Keeping aerobic work in the training recipe during the racing season

I received the following questions from Patrick Carroll via the “How can I help you?” post.

I would love to better understand the importance of Tempo/Threshold work in the competition and peaking phases. Where and how do you fit it in for your athletes late in the season when the focus is more geared towards races and race-specific work?  How does it differ for a miler vs. a 5k-10k runner?

Great question Patrick.

First, you must keep the quality aerobic running that you been doing leading up to this point in the recipe.  That said, most of the time you’ll want to shorten the duration of this stimulus, but not the intensity.  For example, if an athlete does 4 miles at 6:00 pace every other week as their threshold run, then in the final weeks of the season they may only do 3 miles at 6:00 pace.  So the intensity stayed the same, but they ran 25% less.

Coaches: be creative with this challenge of keeping the aerobic work in while still doing all of the necessary work to get the athlete both metabolically and neuromuscularly ready to race to their potential.  With that in mind, here is a list, from least creative to most creative, of workouts for the competitive phase of the season.

1.  Long Run.  Gotta keep the long run in the recipe.  Simple.  Keep it in.  Now, can you tweak it?  Absolutely.  A shorter long run in the final 4-5 weeks of the season makes a lot of sense.  You want the athlete to spend less time on their feet than they did earlier in the season.  This is a great time to do progression-long runs, as long as you keep those runs controlled.  So if you’re a miler and your long run was 16 miles during the season, now you might do 12-14 miles, making the last couple of miles a bit faster, yet still feeling like you could run your normal 16 mile run at that pace.  If I was the coach I’d probably have the athlete run 12 and say “from 8-11 get a bit faster each mile, then cruise in easy the last mile to get to 12.”  But no matter what, keep the long run in.  If you take it out you’re setting yourself up to race less than your best in the final meets of the year.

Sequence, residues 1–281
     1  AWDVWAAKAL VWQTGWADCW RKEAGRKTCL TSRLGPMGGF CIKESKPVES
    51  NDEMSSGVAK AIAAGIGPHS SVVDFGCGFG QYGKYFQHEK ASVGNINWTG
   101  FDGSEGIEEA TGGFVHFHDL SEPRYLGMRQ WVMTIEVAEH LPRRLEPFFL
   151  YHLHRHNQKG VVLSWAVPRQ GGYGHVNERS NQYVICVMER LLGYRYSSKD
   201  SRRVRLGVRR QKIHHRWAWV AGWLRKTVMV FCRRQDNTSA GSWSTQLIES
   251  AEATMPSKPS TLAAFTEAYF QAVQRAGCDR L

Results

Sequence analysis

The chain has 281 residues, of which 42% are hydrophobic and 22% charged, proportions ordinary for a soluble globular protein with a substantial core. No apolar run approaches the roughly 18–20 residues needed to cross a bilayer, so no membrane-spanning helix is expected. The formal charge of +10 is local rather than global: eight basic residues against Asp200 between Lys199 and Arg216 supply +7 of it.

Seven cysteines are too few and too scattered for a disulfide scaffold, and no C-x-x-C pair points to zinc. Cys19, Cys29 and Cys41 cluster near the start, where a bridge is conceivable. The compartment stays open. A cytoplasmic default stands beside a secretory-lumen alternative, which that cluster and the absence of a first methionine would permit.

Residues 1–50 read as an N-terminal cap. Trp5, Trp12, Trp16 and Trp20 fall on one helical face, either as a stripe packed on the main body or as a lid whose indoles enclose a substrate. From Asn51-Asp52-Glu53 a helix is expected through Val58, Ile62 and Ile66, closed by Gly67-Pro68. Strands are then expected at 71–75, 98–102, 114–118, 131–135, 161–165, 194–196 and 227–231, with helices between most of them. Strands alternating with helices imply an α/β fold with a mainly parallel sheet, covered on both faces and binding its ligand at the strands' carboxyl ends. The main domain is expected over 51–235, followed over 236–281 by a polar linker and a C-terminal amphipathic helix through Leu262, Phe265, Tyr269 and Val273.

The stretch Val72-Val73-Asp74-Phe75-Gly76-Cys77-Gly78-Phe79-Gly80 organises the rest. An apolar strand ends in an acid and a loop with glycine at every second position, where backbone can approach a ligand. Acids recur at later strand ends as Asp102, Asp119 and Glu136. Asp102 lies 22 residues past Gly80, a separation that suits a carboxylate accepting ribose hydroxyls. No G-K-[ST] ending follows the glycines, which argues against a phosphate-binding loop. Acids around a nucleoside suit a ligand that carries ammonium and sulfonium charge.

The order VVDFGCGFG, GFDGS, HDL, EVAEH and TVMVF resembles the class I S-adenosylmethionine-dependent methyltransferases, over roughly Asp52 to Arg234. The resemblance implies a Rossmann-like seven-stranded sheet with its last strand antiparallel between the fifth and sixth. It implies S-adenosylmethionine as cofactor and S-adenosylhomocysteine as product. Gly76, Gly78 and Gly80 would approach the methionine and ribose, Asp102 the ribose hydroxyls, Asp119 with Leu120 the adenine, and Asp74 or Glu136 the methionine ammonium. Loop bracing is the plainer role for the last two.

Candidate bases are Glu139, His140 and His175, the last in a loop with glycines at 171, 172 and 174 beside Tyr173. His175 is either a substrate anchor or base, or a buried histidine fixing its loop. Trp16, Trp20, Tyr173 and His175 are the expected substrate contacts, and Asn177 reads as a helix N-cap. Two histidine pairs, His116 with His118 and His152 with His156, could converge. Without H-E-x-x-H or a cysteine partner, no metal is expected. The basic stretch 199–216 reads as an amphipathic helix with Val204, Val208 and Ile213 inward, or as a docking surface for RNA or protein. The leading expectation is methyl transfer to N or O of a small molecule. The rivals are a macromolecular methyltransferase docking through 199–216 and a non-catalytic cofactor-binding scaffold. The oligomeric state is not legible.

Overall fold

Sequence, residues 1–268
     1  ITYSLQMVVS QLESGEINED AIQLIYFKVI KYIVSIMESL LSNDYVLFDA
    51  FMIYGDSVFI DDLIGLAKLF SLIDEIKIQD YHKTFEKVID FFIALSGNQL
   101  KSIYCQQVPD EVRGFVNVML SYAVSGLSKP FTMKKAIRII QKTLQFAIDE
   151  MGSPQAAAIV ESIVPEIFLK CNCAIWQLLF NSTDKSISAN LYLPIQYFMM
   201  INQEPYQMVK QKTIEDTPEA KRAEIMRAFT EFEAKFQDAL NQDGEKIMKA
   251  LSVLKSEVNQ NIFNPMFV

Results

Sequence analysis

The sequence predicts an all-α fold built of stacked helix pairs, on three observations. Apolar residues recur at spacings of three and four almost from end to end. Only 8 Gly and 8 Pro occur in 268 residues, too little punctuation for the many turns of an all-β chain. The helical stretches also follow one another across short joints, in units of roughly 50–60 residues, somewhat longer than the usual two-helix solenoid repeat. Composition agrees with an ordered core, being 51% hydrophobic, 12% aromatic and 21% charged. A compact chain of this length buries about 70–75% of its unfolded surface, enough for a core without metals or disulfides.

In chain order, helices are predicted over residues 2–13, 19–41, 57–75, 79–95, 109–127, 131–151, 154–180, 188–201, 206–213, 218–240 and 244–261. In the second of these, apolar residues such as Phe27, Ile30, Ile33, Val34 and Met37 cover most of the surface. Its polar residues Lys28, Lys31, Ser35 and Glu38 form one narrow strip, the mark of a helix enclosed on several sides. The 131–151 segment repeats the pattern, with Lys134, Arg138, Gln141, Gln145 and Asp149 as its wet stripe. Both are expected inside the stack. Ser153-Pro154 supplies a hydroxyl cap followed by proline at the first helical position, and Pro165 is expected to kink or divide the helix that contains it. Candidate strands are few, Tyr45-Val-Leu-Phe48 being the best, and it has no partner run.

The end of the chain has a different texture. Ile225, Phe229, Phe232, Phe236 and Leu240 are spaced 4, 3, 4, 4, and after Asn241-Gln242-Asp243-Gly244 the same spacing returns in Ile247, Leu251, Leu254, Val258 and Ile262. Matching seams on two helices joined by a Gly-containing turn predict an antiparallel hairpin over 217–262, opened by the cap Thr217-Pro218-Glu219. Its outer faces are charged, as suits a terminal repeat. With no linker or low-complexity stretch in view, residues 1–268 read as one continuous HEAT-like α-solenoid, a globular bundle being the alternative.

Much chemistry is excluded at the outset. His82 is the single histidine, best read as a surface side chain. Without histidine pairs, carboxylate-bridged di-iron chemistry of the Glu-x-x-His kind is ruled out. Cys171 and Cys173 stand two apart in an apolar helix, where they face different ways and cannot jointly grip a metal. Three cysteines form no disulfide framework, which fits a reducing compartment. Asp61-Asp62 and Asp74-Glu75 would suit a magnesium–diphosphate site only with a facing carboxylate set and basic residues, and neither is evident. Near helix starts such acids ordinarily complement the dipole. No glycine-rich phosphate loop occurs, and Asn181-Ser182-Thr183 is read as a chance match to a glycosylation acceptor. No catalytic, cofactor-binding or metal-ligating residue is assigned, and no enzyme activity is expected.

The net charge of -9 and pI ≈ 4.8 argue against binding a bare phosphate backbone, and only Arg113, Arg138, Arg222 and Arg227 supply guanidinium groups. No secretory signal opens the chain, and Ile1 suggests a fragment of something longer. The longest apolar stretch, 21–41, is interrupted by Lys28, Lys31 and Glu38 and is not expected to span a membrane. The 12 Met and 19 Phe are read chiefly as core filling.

The four other things to consider are:

2.  Threshold Run and Strides.

3.  Middle Distance Fartlek.

4.  A, B, C workout of Race Pace (A), Threshold (B), strides (or 200’s) (C).

5. Canova’s Aerobic Support and Horwill’s 5-Pace System.

I’ll explain these last four in tomorrow’s newsletter.   They are all great tools that coaches and athletes can use to keep the aerobic metabolism stimulated in the final weeks of a season or in the final weeks leading up to a key race.

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